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06/12/2018 - 11:03am When I click to request my…

When I click to request my instructions, it says I'm blacklisted and to contact a mod. My user on reddit is psychomatt93. I don't know who the mods are or how to contact them. I joined reddit just to help with risk.

06/02/2018 - 4:47am Strategy for next round

I have a strategy idea but don't want to post it here. Is there someone in the small secure group of leaders I can send it to? Dischord is not secure.

p.s.

I am psychomatt93 on reddit CFBrisk and need karma to get my third star. Would appreciate any upvotes if you see me.

06/07/2012 - 1:44pm 16 Team Conferences

IMO 16 team conferences make sense only if the NCAA rules are modified to permit semi-finals and a final championship game at the conference level. In that case, 16 clearly seems better than 14 and arguably is better than 12 (depending on which schools you add).

A sixteen team conference with four divisions of four teams each would allow each team to play its three in-division rivals along with two teams from each of the other three divisions every year without exceeding nine conference games. And if you organize the divisions in a way that avoids guaranteed cross division games, you get to play every out-of-division team in a cycle that is two games on and two games off. The break is never longer than two years.

As far as money, the semi-final games would bring in a fortune, probably more than enough to come close to covering the cost of losing an OOC baby seal game for all but three or four schools. Also, FWIW, in basketball you could do exactly the same thing and play everyone on your schedule twice (home and away) every year using an 18 game conference schedule. And the B10 basketball tournament could be a 16 team tourney with seed based on division results (division winners get #1 seeds, runners up get #2 seeds, etc.)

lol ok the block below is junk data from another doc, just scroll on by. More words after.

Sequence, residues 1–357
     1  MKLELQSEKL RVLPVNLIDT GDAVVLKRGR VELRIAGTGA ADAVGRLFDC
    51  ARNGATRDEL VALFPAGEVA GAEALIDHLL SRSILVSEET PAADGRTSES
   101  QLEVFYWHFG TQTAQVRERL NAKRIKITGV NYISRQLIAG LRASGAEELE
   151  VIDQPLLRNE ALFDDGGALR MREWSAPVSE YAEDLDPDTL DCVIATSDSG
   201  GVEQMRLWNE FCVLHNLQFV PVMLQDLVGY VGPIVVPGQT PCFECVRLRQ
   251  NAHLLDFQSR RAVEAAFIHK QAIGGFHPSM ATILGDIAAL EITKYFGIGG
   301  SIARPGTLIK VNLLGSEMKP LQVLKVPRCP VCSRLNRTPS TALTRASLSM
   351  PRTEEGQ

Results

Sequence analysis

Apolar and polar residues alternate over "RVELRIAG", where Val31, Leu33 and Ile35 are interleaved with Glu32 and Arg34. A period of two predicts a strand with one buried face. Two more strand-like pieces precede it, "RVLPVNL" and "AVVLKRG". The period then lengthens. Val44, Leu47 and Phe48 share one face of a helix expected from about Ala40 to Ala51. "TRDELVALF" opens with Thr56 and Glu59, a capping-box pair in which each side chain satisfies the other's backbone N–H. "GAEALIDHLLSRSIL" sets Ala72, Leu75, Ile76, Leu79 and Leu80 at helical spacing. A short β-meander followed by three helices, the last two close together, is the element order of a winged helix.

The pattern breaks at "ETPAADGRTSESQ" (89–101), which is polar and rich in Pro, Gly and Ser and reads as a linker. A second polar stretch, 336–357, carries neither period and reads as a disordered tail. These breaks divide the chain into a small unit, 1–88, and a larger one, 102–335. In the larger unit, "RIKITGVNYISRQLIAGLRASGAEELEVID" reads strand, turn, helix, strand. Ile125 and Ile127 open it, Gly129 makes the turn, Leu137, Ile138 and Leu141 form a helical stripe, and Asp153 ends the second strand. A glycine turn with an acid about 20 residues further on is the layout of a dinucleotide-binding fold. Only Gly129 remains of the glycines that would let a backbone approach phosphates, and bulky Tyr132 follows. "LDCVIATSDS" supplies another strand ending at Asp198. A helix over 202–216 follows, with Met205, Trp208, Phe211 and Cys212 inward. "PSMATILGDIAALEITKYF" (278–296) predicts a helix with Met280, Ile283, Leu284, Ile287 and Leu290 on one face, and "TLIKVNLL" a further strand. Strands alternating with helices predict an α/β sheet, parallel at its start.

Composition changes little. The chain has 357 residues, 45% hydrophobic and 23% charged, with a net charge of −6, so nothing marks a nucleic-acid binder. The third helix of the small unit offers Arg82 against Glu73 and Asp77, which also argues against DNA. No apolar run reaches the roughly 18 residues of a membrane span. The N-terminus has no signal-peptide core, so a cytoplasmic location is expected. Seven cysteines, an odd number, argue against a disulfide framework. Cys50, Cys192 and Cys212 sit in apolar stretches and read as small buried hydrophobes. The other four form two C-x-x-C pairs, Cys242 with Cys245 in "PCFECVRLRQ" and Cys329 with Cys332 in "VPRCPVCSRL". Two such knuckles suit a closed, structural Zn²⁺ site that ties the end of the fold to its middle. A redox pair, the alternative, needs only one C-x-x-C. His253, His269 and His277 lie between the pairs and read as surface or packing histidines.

Bo-Woody: OSU, UM, MSU, Syracuse

Rocke-Paterno: PSU, ND/Miami, Virginia, Maryland

Stagg: Wisconsin, Illinois, NW, Minnesota

Osborne: Nebraska, Iowa, Purdue, Indiana

02/23/2012 - 5:37pm Metric system?

Metric system?

01/11/2012 - 2:22am J.J. Deman

J.J. Denman
4-star OT
6'6" 310 lbs

He is from Pennsylvania, but committed to Wisconsin because of their recent success getting offensive linemen to the NFL. Now that their entire offensive coaching staff is gone, he is looking around along with Kyle Dodson. Scout and Rivals have downgraded both Dodson and Denman to "soft verbals". He and Dodson might visit Ann Arbor together.

01/07/2012 - 3:47pm Duke

And I'm not saying this just because I hate them. The cult around Coach K is very similar to the one around JoePa. He gets a little more like Bobby Knight every year in terms of being dismissive and even mocking to the press and no one dares say a word. He could cover up just about anything in his program if he wanted to IMO.

01/07/2012 - 3:45pm Duke

And I'm not saying this just because I hate them. The cult around Coach K is very similar to the one around JoePa. He gets a little more like Bobby Knight every year in terms of being dismissive and even mocking to the press and no one dares say a word. He could cover up just about anything in his program if he wanted to IMO.

01/04/2012 - 4:19pm Chuck Martin to OC

I also wonder if Chuck Martin's move from DBs coach to OC will have any effect on Yuri Wright's decision. As DBs coach, Martin would have been Wright's position coach at the time Wright visited South Bend. Presumably, he spent time with Wright during the visit telling how they intended to use him, etc. and now Wright will have to build a new relationship with someone different.